Anisotropic filtering is actually (a) pretty good and (b) works with = mipmaps very well. There's a bunch of different ways to do it, but here's a common way (not sure how hardware actually does it, but this is going to be fairly = similar). You take your screen pixel and you project it onto the texture. This is = some sort of foursided shape, though because of perspective and suchlike, = it's basically a mess  none of the sides are equal or parallel. First approximation is you remove the effect of different perspective on each side of the quad, so now you have a parallelogram  pairs of sides = are parallel, but not equal length. Second approximation is that you find the longest length inside this parallelogram. Most of the diagrams show a parallelogram with two long = sides and two short sides, and say that you pick the long sides, but this is misleading, because there is also the case of a squashed diamond shape  = all four sides the same length, but it's been squashed. Both these cases do = work (I believe), but the intuition above gives you the wrong idea. OK, so you have the longest length inside the shape, which is the axis = of anisotropy. You also find the width of the shape at rightangles to this axis. Now draw a rectangle around this shape, and that's a bit like the = area to be sampled. The way most hardware does this (I believe) is by selecting the mipmap = level so that the width (the shorter measurement) is one texel in size. Then = take multiple trilinear samples along the longer edge, each two texels apart. Take as many samples as needed to fill out the length. So obviously if = the two lengths are the same, and the shape was basically a square, the = hardware only needs one sample. If the shape was twice as wide as it was long, it needs two samples, and so on. Nominally, the mipmap level chosen is a fractional value, so that each sample is a trilinear sample. I suspect hardware does it slightly more efficiently here, since otherwise you're doing a lot of separate samples = in the lower mipmap level that you probably don't need to do. So it's not actually that bad. You are first approximating the real = shape with a parallelogram, then approximating that by a rectange, and then approximating that by a bunch of trilinear samples. But the end result = isn't all that far off the right one. Usually :) TomF. > Original Message > From: gdalgorithmslistadmin@...=20 > [mailto:gdalgorithmslistadmin@...] On=20 > Behalf Of Rowan Wyborn > Sent: 07 January 2005 13:42 > To: gdalgorithmslist@... > Subject: RE: [Algorithms] mip mapping is evil! >=20 >=20 >=20 > > However, there are still problems. If you imagine a four=20 > > texel 1D texture. What you'd like > > to have for the realtime display of that texture would be one=20 > > MIPmapped texel that summarises > > the results of filtering a region that's two texels across=20 > > centered between texels 0 and 1 and > > another centered between 1 and 2, another between 2 and 3 and=20 > > so on. However, you don't have that. > > You only have a single filtered RGB for the region between 0=20 > > and 1 and another between 2 and 3. > > So if the screen pixel covers two texels and is centered=20 > > between texels 1 and 2, the hardware > > is forced to do a linear interpolation between the 0/1 texel=20 > > and the 2/3 texel. This does indeed > > throw away some information that could have been preserved. >=20 > Yes, this was the issue i was referring too when i said=20 > 'throwing away detail'... this is what makes mipmapped pixels=20 > look much blurrier than they should be. >=20 > I think anisotropic filtering is probably the only practical=20 > solution, hardware is already somewhat capable of it (for a=20 > perf hit)... perhaps sometime in the future cards will no=20 > longer even support bilinear filtering, and fast anisotropic=20 > will become the standard :) >=20 > rowan >=20 >=20 >  > The SF.Net email is sponsored by: Beat the postholiday blues > Get a FREE limited edition SourceForge.net tshirt from ThinkGeek. > It's fun and FREE  well, almost....http://www.thinkgeek.com/sfshirt > _______________________________________________ > GDAlgorithmslist mailing list > GDAlgorithmslist@... > https://lists.sourceforge.net/lists/listinfo/gdalgorithmslist > Archives: > http://sourceforge.net/mailarchive/forum.php?forum_ida88 >=20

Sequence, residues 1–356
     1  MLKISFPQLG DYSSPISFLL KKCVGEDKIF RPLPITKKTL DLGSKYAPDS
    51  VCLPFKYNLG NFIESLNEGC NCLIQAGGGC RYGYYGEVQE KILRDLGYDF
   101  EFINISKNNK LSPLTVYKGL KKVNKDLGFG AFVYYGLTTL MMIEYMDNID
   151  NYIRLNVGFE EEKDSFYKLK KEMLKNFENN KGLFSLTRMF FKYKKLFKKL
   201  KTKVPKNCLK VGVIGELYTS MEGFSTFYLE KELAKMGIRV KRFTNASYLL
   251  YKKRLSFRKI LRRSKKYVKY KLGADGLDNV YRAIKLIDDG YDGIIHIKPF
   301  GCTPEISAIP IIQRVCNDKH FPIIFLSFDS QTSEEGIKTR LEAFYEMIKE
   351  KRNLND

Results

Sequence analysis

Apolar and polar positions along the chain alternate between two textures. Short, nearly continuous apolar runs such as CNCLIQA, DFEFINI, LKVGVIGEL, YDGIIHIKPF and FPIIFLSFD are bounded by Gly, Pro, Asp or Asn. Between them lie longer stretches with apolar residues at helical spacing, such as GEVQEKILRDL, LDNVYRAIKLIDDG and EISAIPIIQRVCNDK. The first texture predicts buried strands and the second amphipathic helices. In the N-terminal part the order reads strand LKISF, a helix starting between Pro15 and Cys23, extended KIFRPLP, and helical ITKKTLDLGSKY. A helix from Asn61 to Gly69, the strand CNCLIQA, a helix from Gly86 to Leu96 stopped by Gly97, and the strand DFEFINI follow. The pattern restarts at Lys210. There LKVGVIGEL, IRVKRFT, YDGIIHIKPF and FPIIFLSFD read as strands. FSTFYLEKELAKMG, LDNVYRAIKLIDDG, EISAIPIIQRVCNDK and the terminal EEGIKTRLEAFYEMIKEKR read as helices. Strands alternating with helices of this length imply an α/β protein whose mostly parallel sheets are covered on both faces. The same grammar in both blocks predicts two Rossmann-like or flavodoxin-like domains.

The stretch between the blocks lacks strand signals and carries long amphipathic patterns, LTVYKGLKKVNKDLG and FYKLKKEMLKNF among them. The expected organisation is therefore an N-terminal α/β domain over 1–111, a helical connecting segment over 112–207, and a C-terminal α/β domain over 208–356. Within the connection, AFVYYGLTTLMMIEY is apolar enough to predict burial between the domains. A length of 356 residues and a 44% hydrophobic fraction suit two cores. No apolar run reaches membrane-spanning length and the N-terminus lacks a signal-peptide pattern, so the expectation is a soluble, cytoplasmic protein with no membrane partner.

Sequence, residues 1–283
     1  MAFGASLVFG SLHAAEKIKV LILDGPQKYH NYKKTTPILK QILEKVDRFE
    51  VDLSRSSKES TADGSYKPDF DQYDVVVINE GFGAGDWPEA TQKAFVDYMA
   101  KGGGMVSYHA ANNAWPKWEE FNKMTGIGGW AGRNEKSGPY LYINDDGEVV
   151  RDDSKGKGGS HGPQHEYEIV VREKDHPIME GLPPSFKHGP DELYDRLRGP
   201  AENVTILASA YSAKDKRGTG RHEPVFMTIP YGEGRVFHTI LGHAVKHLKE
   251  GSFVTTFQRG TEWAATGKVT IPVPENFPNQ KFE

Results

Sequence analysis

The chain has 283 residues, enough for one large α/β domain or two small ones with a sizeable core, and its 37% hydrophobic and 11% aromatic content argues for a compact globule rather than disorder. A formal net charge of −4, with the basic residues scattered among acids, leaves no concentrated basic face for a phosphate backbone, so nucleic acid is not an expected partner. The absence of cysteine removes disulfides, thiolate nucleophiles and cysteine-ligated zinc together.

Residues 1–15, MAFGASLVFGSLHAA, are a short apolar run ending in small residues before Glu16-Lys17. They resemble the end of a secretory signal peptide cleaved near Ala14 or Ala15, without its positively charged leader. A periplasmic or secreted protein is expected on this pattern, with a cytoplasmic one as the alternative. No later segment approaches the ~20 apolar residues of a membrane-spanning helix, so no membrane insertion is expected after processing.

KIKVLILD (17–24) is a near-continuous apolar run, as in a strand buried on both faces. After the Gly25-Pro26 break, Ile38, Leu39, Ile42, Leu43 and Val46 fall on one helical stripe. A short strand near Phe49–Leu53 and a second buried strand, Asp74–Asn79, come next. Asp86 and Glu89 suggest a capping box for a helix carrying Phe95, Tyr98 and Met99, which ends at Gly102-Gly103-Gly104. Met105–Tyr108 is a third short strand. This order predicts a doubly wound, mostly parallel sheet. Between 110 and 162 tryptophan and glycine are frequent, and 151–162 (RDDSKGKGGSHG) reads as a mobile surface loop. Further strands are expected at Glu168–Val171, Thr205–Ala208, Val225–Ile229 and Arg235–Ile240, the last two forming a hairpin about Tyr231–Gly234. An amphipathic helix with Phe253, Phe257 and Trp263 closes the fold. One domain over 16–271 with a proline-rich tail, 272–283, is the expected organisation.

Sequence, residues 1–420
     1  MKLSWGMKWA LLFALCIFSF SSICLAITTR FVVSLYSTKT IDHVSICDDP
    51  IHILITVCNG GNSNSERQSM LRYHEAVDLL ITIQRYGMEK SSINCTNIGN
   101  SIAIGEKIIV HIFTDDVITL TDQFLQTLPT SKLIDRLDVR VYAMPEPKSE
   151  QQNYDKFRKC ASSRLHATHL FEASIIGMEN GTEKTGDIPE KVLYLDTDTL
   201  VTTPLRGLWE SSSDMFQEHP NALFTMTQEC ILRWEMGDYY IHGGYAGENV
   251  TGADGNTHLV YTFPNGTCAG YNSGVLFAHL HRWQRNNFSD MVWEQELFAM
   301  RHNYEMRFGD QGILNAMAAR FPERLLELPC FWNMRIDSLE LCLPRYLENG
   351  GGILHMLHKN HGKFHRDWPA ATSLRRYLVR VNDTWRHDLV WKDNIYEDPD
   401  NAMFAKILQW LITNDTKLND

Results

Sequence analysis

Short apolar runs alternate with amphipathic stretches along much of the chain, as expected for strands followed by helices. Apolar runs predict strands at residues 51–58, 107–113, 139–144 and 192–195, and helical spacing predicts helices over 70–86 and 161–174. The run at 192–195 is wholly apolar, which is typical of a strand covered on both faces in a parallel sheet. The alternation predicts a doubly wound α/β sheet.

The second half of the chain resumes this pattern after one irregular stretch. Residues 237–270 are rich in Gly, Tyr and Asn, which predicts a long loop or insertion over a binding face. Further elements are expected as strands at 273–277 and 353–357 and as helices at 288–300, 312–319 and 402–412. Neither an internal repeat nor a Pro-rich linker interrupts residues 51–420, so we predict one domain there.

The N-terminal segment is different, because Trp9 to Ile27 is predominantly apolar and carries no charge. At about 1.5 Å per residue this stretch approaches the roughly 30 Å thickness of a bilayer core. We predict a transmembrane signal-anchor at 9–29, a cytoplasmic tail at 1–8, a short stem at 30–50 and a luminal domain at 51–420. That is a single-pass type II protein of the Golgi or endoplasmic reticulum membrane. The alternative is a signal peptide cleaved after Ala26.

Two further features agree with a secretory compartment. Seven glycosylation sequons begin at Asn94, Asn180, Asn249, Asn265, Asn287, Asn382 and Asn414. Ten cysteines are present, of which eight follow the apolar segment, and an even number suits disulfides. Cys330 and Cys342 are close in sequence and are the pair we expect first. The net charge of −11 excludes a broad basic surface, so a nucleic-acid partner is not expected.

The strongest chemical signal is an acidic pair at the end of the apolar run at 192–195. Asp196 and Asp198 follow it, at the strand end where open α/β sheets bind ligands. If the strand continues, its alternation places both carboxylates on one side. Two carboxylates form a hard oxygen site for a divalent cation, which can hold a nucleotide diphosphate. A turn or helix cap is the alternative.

From: Tom Forsyth <tom.forsyth@ee...>  20050108 04:33:49